Each state university board of trustees is responsible for hiring faculty for the university. The president of the university may provide hiring recommendations to the board. The president and the board are not required to consider recommendations or opinions of faculty of the university or other individuals or groups.
These trustees will effectively be DeSantis political appointees—for instance, when he put six new people on the board of trustees at the New College of Florida, they included Christopher Rufo, the right-wing think-tanker whose attacks on public education have included being the architect of the campaign against “critical race theory” in schools; the superintendent of a religious charter school; a dean from Hillsdale College, a private Christian school; and the viciously transphobic president of a conservative think tank. That’s the type of people DeSantis is putting in charge of all faculty hiring in Florida’s public colleges and universities.
And no, this isn’t just a formality where the board won’t really exert control:
The board of trustees may delegate its hiring authority to the president; however, the president may not delegate such hiring authority and the board must approve or deny any selection by the president.
Even if the board doesn’t want to go through all the applications (a number that may shrink as academic jobseekers steer clear of Florida), it will have the final word on each and every person hired to teach Florida’s college students.
On Thursday, college students across Florida protested DeSantis’ plans for their schools.
“We want to take these classes and for the state to come in and say, 'Well, we might not want to allow you to have that' … At what point are college students going to be considered adults by the state of Florida?" Jonathon Chavez, president of College Democrats at the University of South Florida, told ABC News, adding, “We want to make our own decisions and our education, how we want to better ourselves. We think it's quite silly that the state would try to restrict that.”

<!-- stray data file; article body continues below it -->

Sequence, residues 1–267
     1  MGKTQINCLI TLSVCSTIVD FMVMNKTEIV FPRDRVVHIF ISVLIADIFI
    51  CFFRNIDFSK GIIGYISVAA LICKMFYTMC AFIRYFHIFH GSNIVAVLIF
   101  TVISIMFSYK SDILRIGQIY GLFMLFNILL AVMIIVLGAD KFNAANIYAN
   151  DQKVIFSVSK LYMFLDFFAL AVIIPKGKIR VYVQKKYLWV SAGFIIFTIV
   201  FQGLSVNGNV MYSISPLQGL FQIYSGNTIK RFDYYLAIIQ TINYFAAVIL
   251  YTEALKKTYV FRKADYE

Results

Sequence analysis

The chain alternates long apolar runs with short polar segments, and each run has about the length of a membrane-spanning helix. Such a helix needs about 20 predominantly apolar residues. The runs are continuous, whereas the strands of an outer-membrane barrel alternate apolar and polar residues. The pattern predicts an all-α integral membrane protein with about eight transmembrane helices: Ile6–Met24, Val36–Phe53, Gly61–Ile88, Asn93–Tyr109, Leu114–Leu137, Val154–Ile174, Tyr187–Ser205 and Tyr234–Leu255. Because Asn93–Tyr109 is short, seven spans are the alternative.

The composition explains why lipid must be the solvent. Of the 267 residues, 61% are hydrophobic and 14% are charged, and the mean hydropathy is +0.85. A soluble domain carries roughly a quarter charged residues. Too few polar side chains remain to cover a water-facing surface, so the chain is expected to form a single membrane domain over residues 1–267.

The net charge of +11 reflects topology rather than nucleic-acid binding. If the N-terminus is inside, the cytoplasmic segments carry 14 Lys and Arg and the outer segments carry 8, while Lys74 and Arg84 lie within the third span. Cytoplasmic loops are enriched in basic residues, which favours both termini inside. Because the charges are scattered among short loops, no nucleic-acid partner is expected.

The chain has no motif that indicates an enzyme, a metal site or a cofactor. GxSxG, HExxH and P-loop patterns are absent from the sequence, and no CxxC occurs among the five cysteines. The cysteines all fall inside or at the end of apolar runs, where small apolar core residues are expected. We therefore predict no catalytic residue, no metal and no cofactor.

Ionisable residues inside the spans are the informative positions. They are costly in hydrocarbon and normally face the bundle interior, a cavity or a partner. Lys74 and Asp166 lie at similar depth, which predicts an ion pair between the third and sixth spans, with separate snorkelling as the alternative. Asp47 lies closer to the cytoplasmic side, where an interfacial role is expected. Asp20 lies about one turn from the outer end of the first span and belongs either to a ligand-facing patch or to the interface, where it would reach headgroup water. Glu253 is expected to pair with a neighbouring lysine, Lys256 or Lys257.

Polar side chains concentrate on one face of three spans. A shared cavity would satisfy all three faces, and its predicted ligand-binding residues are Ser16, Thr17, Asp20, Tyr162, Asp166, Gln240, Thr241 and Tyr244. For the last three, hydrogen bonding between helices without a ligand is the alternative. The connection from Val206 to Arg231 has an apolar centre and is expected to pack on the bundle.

“We’re not here to be spoonfed a sanitized version of history,” USF senior Andy Pham told the crowd at the protest. “If Black people, Indigenous people, all people of color have to confront racism every moment of our waking lives, white folks can certainly handle reading about it.”
Walkouts were also held at the University of Florida, Florida International University, Florida State University, Florida Atlantic University, Florida Poly, New College, the University of North Florida, the University of Central Florida, Rollins College (a private liberal arts college in the state), and Largo High School.
President Biden’s surprise visit to Kyiv, Ukraine, on Presidents’ Day was an important moment in American foreign policy, and also an equally important moment in public relations for the Democratic Party. It showed America’s support for a free and independent Ukraine, but not from an imperialistic position. Republicans haven’t had a coherent foreign policy platform besides U.S. imperialism, and now find themselves pulled in various directions as potential conservative presidential candidates try to figure out what exactly they want to pretend to believe in.